Rider sitting position widens lumbar intervertebral distance: a prospective observational study
Reduced lumbar lordosis may make the process of identifying the intervertebral distance easier. The primary aim of this study was to measure the L3 L4 intervertebral space in the same patients undergoing spinal anesthesia in three different sitting positions, including the classic sitting position (CSP), hamstring stretch position (HSP) and rider sitting position (RSP). The secondary aim was to compare ultrasonographic measurements of the depth of the ligamentum flavum and intrathecal space in these three defined positions.
This study is a single-blinded, prospective, randomized study. Ninety patients were included in final analysis. the patients were positioned on the operating table in three different positions to perform ultrasonographic measurements of the spinal canal. The intervertebral distance (IVD), the distance between the skin and the ligamentum flavum (DBSLF) and the intrathecal space (IS) were measured in the L3 L4 intervertebral space in three different positions.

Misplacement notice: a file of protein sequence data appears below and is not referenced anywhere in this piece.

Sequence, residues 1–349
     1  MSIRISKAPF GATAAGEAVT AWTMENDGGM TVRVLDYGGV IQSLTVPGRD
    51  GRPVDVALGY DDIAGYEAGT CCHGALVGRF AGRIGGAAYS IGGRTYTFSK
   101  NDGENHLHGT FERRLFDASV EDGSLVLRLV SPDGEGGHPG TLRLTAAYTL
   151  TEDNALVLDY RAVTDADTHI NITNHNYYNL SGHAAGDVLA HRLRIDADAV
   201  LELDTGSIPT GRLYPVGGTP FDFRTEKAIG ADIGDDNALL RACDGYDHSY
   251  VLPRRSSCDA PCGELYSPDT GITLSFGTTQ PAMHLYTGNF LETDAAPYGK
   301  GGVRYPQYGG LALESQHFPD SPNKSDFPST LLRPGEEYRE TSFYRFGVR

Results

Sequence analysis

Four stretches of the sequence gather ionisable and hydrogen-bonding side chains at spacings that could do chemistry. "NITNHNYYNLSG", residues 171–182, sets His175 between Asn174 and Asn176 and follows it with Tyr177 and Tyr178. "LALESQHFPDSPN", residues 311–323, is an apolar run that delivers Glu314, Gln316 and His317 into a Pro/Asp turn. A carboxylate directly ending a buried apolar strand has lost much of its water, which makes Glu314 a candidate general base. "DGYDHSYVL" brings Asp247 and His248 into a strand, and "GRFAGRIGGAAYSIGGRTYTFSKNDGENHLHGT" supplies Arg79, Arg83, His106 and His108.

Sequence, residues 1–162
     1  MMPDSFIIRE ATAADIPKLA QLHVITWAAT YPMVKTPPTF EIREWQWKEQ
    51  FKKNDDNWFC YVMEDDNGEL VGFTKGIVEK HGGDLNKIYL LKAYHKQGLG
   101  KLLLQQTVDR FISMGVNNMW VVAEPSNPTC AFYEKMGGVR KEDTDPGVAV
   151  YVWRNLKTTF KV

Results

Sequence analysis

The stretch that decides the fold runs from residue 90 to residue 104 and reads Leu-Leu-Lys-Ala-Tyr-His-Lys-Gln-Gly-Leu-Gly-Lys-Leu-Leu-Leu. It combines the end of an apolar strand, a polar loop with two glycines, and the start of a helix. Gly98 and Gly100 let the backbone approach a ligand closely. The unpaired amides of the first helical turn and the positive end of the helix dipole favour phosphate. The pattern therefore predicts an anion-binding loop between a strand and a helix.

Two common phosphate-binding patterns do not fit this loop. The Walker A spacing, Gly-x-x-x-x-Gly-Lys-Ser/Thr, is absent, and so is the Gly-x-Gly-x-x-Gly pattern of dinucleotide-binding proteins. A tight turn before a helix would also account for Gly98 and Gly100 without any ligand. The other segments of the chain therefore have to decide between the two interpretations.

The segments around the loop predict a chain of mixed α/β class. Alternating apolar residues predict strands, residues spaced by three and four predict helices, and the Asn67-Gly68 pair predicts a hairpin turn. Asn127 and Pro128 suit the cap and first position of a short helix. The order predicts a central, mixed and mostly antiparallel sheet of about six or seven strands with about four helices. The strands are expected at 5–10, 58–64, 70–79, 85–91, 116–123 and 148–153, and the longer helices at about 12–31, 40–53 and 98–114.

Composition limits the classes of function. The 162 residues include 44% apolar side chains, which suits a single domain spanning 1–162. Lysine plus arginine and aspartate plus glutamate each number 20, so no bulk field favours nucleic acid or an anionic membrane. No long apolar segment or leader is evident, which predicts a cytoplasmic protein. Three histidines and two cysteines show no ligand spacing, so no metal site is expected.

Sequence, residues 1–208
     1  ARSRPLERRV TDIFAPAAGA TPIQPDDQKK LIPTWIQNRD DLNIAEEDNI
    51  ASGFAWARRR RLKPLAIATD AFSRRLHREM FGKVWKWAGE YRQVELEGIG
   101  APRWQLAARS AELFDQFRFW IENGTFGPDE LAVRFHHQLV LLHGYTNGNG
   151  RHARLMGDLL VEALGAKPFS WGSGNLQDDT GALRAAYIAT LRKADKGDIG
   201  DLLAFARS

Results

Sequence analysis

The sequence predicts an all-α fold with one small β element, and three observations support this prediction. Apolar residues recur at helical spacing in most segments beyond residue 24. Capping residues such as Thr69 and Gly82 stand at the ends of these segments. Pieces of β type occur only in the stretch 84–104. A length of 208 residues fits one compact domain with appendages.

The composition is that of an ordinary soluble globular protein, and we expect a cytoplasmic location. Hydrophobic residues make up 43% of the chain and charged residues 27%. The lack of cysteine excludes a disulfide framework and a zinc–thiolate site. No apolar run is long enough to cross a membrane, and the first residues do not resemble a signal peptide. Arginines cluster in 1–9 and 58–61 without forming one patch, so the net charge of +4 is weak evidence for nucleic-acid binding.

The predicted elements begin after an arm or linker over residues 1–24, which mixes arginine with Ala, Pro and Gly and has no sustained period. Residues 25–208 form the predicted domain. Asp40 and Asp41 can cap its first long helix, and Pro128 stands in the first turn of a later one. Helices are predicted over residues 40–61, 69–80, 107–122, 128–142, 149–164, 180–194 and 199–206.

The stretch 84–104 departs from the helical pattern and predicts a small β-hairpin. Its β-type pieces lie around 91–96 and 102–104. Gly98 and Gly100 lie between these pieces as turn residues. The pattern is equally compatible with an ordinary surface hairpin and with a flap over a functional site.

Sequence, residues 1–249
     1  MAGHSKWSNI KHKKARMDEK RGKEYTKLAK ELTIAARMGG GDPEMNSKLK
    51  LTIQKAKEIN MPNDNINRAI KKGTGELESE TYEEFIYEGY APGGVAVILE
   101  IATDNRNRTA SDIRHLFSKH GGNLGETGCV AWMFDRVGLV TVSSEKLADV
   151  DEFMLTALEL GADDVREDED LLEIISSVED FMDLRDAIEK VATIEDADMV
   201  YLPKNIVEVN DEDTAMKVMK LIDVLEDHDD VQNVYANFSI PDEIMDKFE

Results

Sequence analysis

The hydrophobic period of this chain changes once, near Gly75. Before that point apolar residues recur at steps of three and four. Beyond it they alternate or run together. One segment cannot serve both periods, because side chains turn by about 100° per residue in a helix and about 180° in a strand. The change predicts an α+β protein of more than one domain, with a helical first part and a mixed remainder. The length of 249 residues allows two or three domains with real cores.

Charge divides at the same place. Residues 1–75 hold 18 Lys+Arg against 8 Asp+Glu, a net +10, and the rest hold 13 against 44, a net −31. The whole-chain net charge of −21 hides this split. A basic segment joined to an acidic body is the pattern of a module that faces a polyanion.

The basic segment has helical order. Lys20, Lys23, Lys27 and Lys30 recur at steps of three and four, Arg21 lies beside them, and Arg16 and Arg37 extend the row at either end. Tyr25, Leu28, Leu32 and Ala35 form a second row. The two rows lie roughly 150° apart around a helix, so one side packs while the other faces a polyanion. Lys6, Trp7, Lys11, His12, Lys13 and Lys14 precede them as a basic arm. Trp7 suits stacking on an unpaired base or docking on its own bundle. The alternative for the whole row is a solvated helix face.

The RSP produced the largest mean distance between the spinous processes. The RSP yielded a significantly larger IVD than did the CSP (p < 0.001) and HSP (p < 0.001). The DBSP was larger in the CSP than in the HSP (p = 0.001). The DBSLF was significantly larger in the RSP than in the HSP (p = 0.009).
Positioning the patient in the RSP significantly increased the intervertebral distance between L3 L4 vertebrae compared to the CSP and HSP, suggesting easier performance of lumbar neuraxial block.